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Of Aso Rock demons and ‘the other room’ – by Olusegun Adeniyi


By sheer coincidence, Reuben’s piece of Aso Rock demons was published same day Mrs Aisha Buhari joined Nigeria’s growing army of “wailing wailers”.

I woke up last Friday to find on my handset messages with strange questions: Is it true that people bath with blood in Aso Rock? 

Are there demons in Aso Rock that make leaders take decisions that are not in the public interest? 

Did you ever notice anybody walking head to the ground at the villa? 

Is strange death a common phenomenon for people who work in Aso Rock? 

Can you still perform your bedroom functions as a husband? 

The questions, which I considered rather weird and ridiculous, kept coming in torrents; and even when a few made allusion to Dr. Reuben Abati, I honestly didn’t understand what the whole hoopla was all about. 

That was until I got a mail from my friend, Wale Adebanwi, an associate professor at the University of California, Davis, United States.

Wale’s mail read: “Hi Sege, I trust that all is well. 

“I am sure you’ve read Reuben Abati’s latest piece making the rounds about his experience when in office. 

“Do you think there is a pattern to this that fits your own experience? 

“As a student of power in Nigeria, I am wondering whether these are “isolated” experiences, even if meaningful, or if they constituted a consistent pattern of experiences over the long term; and, of course, the implications for public rule and governance. 

“Did you “notice” similar “evil” during your time in the Villa? (I know you’re a deacon, so maybe you “rebuked them in Jesus name”!) 

It was Wale’s mail that gave me a clue and I went to read Reuben. 

I can say very quickly that his experience was different from mine; even when I will not discountenance his narrative. 

But before going further, I need to respond to some of the specific questions. One, it is public knowledge that my boss died in office even though I have always attributed the fate that befell him to medical reasons.

Having confirmed that, the illness being managed at the period was of a terminal nature and it started long before he was elected president. 

Two, to the glory of God, I lost no member of my family while in Aso Rock and none of my staff died. 

Three, I had three children before I went into Aso Rock and I still have three children today. But that is not because I “cannot get it up” after leaving the Villa.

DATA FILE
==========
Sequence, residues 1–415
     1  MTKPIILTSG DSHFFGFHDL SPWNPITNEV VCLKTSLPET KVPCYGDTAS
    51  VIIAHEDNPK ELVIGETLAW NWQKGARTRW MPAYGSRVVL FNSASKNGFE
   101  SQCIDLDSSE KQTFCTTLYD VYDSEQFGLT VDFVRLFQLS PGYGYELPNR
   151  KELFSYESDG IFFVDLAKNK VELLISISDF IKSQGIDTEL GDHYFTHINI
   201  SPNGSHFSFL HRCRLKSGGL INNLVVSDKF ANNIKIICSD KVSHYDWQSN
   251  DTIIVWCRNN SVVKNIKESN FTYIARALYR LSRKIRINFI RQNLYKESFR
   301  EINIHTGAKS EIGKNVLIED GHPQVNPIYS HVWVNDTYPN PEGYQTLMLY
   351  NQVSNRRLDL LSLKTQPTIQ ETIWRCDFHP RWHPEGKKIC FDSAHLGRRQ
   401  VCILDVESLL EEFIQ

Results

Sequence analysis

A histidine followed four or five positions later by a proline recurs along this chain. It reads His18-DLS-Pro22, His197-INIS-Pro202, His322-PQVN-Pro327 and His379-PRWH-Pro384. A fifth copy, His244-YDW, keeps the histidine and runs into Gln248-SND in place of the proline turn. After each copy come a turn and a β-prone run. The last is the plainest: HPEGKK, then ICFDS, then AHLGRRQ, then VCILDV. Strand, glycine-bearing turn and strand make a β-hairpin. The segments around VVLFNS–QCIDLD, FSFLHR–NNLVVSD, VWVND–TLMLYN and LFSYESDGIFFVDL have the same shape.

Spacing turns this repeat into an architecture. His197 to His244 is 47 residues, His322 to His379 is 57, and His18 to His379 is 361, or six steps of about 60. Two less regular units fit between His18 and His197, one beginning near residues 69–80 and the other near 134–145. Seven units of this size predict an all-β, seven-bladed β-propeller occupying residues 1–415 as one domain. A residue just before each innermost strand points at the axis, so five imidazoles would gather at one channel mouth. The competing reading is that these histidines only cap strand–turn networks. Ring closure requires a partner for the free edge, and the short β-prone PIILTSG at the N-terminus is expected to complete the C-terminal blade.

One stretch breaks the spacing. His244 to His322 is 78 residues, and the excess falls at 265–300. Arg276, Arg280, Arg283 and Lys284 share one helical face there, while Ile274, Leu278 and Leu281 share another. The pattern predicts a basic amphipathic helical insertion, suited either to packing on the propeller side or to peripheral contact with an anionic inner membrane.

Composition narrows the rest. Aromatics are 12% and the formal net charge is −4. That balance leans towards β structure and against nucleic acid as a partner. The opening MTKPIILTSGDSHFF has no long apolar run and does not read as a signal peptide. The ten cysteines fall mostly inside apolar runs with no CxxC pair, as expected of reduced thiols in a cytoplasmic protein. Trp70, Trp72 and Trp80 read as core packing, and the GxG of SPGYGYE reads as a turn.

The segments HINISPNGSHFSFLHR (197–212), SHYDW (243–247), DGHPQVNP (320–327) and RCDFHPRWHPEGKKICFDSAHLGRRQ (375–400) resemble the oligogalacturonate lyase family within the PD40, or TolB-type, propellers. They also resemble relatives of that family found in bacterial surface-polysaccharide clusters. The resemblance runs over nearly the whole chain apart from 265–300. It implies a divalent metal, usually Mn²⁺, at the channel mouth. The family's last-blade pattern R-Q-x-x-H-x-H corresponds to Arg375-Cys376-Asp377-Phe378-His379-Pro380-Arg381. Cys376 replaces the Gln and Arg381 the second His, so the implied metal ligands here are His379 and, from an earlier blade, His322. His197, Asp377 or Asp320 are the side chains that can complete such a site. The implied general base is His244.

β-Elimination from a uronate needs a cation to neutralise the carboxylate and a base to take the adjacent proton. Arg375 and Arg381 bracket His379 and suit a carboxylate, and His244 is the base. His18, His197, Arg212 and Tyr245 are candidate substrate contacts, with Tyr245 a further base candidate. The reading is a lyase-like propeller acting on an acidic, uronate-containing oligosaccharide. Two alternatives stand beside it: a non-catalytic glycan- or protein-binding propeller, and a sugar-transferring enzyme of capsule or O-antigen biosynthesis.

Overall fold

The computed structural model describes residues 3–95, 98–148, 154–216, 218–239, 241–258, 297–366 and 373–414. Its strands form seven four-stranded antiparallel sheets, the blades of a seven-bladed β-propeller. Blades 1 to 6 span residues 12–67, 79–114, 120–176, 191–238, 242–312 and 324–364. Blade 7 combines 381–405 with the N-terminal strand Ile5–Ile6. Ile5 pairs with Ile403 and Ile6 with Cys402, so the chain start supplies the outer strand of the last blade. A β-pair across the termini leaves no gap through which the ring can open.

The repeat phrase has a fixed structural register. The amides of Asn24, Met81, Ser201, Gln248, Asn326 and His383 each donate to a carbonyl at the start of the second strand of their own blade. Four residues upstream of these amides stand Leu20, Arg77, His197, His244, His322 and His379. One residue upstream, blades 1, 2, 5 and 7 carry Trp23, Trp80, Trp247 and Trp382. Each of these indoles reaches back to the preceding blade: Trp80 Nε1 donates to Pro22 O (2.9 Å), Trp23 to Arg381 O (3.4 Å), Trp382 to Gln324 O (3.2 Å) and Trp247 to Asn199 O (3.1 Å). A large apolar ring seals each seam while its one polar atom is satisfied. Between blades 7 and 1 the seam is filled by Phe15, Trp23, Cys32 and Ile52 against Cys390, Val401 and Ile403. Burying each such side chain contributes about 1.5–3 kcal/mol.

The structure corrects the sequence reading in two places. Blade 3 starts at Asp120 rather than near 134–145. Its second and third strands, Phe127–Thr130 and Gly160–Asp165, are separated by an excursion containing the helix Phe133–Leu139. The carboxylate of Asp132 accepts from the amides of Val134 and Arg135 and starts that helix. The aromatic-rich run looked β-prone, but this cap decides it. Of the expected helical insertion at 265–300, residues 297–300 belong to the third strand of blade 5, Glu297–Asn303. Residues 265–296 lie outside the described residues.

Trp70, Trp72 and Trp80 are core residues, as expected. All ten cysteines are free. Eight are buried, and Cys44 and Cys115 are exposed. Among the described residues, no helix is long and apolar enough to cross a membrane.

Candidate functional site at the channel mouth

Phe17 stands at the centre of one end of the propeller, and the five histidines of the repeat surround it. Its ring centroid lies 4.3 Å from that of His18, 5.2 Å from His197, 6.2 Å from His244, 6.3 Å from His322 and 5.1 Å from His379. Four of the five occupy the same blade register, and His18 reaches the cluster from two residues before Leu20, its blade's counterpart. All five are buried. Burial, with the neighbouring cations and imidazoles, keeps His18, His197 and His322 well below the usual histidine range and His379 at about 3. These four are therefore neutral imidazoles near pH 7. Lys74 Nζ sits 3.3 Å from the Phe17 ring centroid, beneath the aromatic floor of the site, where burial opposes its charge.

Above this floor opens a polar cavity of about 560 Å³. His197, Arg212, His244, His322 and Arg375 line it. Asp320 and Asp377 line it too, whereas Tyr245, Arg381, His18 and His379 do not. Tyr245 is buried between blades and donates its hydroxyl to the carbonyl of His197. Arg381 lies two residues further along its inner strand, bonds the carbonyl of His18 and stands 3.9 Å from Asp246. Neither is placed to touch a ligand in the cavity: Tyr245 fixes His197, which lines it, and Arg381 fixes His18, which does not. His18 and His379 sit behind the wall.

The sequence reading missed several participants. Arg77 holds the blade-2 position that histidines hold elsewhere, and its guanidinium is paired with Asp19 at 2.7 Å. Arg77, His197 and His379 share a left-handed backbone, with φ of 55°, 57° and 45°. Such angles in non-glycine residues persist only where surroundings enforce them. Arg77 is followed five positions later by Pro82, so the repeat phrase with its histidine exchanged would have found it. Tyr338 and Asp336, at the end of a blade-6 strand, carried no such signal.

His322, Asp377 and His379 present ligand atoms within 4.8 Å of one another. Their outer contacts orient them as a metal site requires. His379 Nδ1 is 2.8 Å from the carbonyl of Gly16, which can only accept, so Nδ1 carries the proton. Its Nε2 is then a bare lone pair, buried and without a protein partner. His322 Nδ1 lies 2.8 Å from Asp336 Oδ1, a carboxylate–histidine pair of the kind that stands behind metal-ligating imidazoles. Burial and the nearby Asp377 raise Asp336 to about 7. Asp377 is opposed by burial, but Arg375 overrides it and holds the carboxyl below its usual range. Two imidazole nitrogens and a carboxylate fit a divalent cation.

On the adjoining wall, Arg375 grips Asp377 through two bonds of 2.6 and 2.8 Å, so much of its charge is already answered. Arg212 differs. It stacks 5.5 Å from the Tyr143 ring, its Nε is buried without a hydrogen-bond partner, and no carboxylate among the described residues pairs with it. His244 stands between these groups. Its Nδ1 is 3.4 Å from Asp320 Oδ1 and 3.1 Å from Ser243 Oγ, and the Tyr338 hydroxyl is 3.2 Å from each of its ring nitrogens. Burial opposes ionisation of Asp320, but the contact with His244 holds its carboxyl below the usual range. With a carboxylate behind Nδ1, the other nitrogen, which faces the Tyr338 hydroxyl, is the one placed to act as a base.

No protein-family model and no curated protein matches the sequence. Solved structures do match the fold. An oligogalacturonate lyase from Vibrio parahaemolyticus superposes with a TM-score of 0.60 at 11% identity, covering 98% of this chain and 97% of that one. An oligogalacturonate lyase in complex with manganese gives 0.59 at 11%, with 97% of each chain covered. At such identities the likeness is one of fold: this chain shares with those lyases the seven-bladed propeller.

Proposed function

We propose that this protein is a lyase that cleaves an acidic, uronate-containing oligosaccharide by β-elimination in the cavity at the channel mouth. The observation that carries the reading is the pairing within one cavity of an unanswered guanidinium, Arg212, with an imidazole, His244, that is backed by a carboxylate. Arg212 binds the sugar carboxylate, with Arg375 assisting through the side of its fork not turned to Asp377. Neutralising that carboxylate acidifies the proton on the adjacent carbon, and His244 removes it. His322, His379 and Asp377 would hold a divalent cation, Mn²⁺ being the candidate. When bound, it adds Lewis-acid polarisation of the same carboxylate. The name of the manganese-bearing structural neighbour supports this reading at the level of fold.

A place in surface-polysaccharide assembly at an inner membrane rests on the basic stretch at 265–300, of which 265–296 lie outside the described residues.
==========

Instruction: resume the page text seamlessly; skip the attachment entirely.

That last explanation is particularly important given what transpired last Sunday afternoon. 

I was at Loyola Jesuit College, Abuja for the Open Day of my children when I got a call from the editor of THISDAY, Ms Ijeoma Nwogwugwu who asked “Shegs, are you okay?” 

It was an unusual question to which I responded in the affirmative. But the moment she mentioned Reuben and started giggling, I knew what Ijeoma was driving at. 

I simply passed the mobile handset to my wife who happened to be sitting by my side at the time. 

It must have been an interesting conversation between the duo given the way my wife kept laughing. 

When she was done, she narrated the exchange to me. 

Ijeoma was not content with the fact that my “instrument” is still working, she asked my wife to compare and contrast, in full details, my “performance” before Aso Rock and now! 

While it will be an interesting research topic to ascertain what happens “down below” to people who go to Aso Rock and return to tell their stories, it is important to deal with more substantive issues: 

Did I make mistakes as presidential spokesman? For sure, I did and I accept responsibility for them. 

Did my late boss take some decisions that turned out to be wrong in the course of his illness-punctuated stewardship? Yes, of course. 

But so did practically all former heads of state, state governors and even school principals. 

Would I attribute such decisions to witchcraft and demons lurking within the precincts of the Villa—where, by the way, I stayed with my family in a two-bedroom apartment? I will not.

Interestingly, Basil Enwegbara, in dismissing Reuben’s thesis, added his own theory by locating the “problem” at the doorsteps of the American Central Intelligence Agency (CIA): 

“Rather than some so-called evil spirits, it’s electromagnetic fences that discharge miraculous microwaves that turned the Presidential Villa into what it is today: a kind of psychiatric warehouse. 

“The CIA has since built what’s known as electromagnetic fences around Nigeria’s Presidential Villa and by beaming the ‘right’ electromagnetic microwaves on those living and working there, with particular emphasis on one or more persons of critical interest, they are able to change their behavioural patterns by blocking specific brain circuits with the goal of creating those neurological discharges that lead to anti-masses and anti-patriotism and anti-development personality behaviours,” he wrote. 

It is possible those CIA “fences” were built after my tour of duty at the Villa!

By sheer coincidence, Reuben’s piece was published on the same day Mrs Aisha Buhari joined Nigeria’s growing army of “wailing wailers”.

Mrs. Buhari had publicly criticised her husband in a BBC Hausa Service interview which prompted the president to issue a chauvinistic counter in Germany that his wife’s business does not extend beyond his kitchen and “the other room”. 


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